Lego Soup

This entry is part 4 of 5 in the series Ribbonfarm Lab

I’ve been mildly hostile to Lego as a medium of tinkering. Even though I’ve bought all sorts of other kits as I’ve built up the Ribbonfarm Lab over the last few years, I’ve resisted the siren song of Lego. Until now. I’ve finally succumbed. It all started when I inherited a starter box from a Summer of Protocols workshop exercise, worth about $30, in July. It sat around for 6 months, until I finally caved, and played with it for a bit over the winter break. Turned out it was a relatively weak kit, heavy on cosmetic detailing and greebling parts (googly eyes, flowers, tiny 1-stud contour-smoothing wedges) apparently aimed at 4-year-olds, rather than expressive and versatile parts. The kit was the Lego equivalent of the stone in Stone Soup. Before I knew it, I’d spent another $170 or so. Here’s my current Lego meta-kit.

The reason I’m mildly hostile to Lego is it takes away too much friction and engineering messiness in favor of simplicity of UX (PX? play experience?) and aesthetics (apparently this has been a trend known as “juniorization”). I argued this point in Truth in Inconvenience, via a Lego-Meccano comparison. Lego fosters somewhat utopian engineering sensibilities. Compared to Meccano or electronics kits for example, it encourages an excessively sanitized view of engineering problem-solving. I have no experience of the Technic or Mindstorms lines (they were wildly beyond my means as an 80s kid in India — my sister and I only had a couple of very small Lego kits), so I’m looking forward to seeing whether my first-ever Technic kit, the Perseverance kit shown above, offers a more Meccano-style experience.

I have to say though, I’m very impressed with some of the advanced original builds by adult experts I’ve seen on social media, such as this dragon, these curved forms, and these African style sculptures. The representational art bias doesn’t necessarily mean the engineering complexity is lower. Hat tip to Topias Uotila ( on Bluesky and Dorian Taylor, among others, for helping soften my Lego-skepticism with good arguments and examples. Also thanks to Chenoe Hart for providing me with a crash course on the Lego maker scene.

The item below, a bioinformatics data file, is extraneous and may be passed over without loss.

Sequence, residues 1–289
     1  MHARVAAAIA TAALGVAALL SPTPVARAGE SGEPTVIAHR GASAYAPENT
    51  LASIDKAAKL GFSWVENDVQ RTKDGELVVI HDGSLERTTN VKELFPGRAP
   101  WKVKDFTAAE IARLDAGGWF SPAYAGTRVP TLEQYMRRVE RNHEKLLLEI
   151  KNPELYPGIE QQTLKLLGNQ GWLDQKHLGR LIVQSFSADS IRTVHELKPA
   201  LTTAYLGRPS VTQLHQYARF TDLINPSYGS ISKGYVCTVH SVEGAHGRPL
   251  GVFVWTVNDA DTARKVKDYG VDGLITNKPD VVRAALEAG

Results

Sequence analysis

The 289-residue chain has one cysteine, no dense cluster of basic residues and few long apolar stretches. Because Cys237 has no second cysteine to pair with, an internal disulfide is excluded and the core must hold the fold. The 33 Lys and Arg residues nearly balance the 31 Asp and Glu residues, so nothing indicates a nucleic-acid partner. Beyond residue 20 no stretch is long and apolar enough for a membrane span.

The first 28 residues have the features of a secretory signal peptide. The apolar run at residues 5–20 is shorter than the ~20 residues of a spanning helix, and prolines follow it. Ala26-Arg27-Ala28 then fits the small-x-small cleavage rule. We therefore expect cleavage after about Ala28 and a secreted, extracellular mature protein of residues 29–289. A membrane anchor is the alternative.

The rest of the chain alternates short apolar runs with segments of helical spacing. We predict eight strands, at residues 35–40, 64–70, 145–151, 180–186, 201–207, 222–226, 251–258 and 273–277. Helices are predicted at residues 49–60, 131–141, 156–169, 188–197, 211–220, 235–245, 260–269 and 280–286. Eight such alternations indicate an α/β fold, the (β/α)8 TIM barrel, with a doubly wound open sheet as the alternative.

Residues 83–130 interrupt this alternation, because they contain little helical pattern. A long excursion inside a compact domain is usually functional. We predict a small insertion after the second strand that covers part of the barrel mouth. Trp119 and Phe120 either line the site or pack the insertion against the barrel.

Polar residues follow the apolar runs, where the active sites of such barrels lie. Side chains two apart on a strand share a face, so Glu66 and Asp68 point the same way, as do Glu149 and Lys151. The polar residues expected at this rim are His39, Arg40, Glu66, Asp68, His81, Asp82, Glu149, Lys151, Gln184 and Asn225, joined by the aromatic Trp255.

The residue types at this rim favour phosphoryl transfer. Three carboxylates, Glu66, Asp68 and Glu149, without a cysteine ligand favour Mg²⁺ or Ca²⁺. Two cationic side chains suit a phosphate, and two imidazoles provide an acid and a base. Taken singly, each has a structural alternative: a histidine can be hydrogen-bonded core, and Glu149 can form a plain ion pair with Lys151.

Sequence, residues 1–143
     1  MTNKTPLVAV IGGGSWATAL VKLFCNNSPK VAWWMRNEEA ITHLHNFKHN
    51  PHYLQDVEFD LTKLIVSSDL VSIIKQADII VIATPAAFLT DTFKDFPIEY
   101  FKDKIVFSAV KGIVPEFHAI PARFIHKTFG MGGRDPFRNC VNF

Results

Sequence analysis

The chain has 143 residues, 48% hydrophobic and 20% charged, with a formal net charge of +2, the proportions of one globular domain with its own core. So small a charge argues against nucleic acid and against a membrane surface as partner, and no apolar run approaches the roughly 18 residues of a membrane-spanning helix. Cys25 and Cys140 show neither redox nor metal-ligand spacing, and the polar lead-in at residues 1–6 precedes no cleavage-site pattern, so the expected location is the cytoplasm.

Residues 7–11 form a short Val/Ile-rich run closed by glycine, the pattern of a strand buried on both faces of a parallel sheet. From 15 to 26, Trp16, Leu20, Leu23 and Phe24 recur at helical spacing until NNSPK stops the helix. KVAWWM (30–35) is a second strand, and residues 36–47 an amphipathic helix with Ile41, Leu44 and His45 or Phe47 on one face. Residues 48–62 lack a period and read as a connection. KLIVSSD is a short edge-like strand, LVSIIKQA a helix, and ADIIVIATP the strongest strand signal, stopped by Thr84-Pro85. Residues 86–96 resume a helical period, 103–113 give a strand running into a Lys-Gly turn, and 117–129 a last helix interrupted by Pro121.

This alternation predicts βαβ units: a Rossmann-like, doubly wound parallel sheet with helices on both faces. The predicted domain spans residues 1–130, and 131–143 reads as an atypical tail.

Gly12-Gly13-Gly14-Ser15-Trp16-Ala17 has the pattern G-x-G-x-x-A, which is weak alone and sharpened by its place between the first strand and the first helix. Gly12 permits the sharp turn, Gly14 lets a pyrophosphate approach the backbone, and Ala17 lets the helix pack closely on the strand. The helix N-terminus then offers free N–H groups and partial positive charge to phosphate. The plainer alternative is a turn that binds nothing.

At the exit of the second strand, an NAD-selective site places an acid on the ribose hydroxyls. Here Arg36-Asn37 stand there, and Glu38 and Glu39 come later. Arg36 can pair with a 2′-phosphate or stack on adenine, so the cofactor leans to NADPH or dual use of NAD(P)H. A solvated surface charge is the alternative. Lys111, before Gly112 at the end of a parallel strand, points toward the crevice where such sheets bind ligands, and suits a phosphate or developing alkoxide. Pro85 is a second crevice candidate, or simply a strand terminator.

That said, as a personal preference, I like to see the higher-dimensional messiness of real-world engineering reflected in a tinkering medium. So I doubt Lego will ever become my favorite tinkering medium. But it’s \ likely to become a strong supporting medium. I suspect I’m also generally suspicious of colorful-fun vibes.

So despite my misgivings, I suspect I’ll end up spending a couple of hundred dollars more rounding out my Lego inventory. I’m already eyeing a couple of buckets of additional off-brand parts and a few more interesting Lego-branded parts. Apparently, even though most of the important Lego patents have expired, generic competitors still can’t make the larger parts as well as Lego can (I suppose tolerance stacking is the issue?)

I’m still developing intuitions around what might be interesting lines of tinkering investigation with Lego, but two that intrigue me are interoperability with other construction kit languages and the idea of kit-bashing.

This universal construction kit (HT kinda gets at what interests me with regard to interoperability, though it seems to involve custom 3D printing Lego-compatible parts, a notoriously difficult thing to do due to the tight tolerances, and doesn’t include my favorite, Meccano, in its “universal” scope. I might instead try to use off-brand Lego parts set in custom-designed 3D-printed coupling sockets that mate with Meccano.

Kit-bashing is about exploring design spaces created by pooling two or more kits. Once I build the rover, I might buy a second technic kit and explore that question in-universe. It feels like kit-bashing is a good way to explore a question that interests me: the problem of scavenging parts from one machine for another, in pursuit of accretive robotics. The key idea is that instead of working with an inventory of nonspecific parts, you work with a teardown inventory. Everything comes from a nominal design. It’s like sexual reproduction rather than interchangeable-parts manufacturing.

Anyway the Lego soup is now bubbling away in the cauldron. Stay tuned for Cultural Learnings of Legoland to Make Benefit Glorious Lab of Ribbonfarm.

Series Navigation<< Can Robots Whittle?A Tale of Two Kits >>

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About Venkatesh Rao

Venkat is the founder and editor-in-chief of ribbonfarm. Follow him on Twitter


  1. Since a few years I’m out of my “dark age” an am building lots of Lego sets (and other brands) again.

    I’m not sure how many percent of the joy can be attributed to nostalgia but it’s certainly a major factor.

    But I never saw it as engineering. If you build an official Lego set, it’s basically painting by numbers in 3D. That’s my substitute for a meditation app, but no engineering.

    It is certainly different once you get in the game of designing your own builds (JK Brickworks is a great starting point, first copy than create), but that’s a whole other game.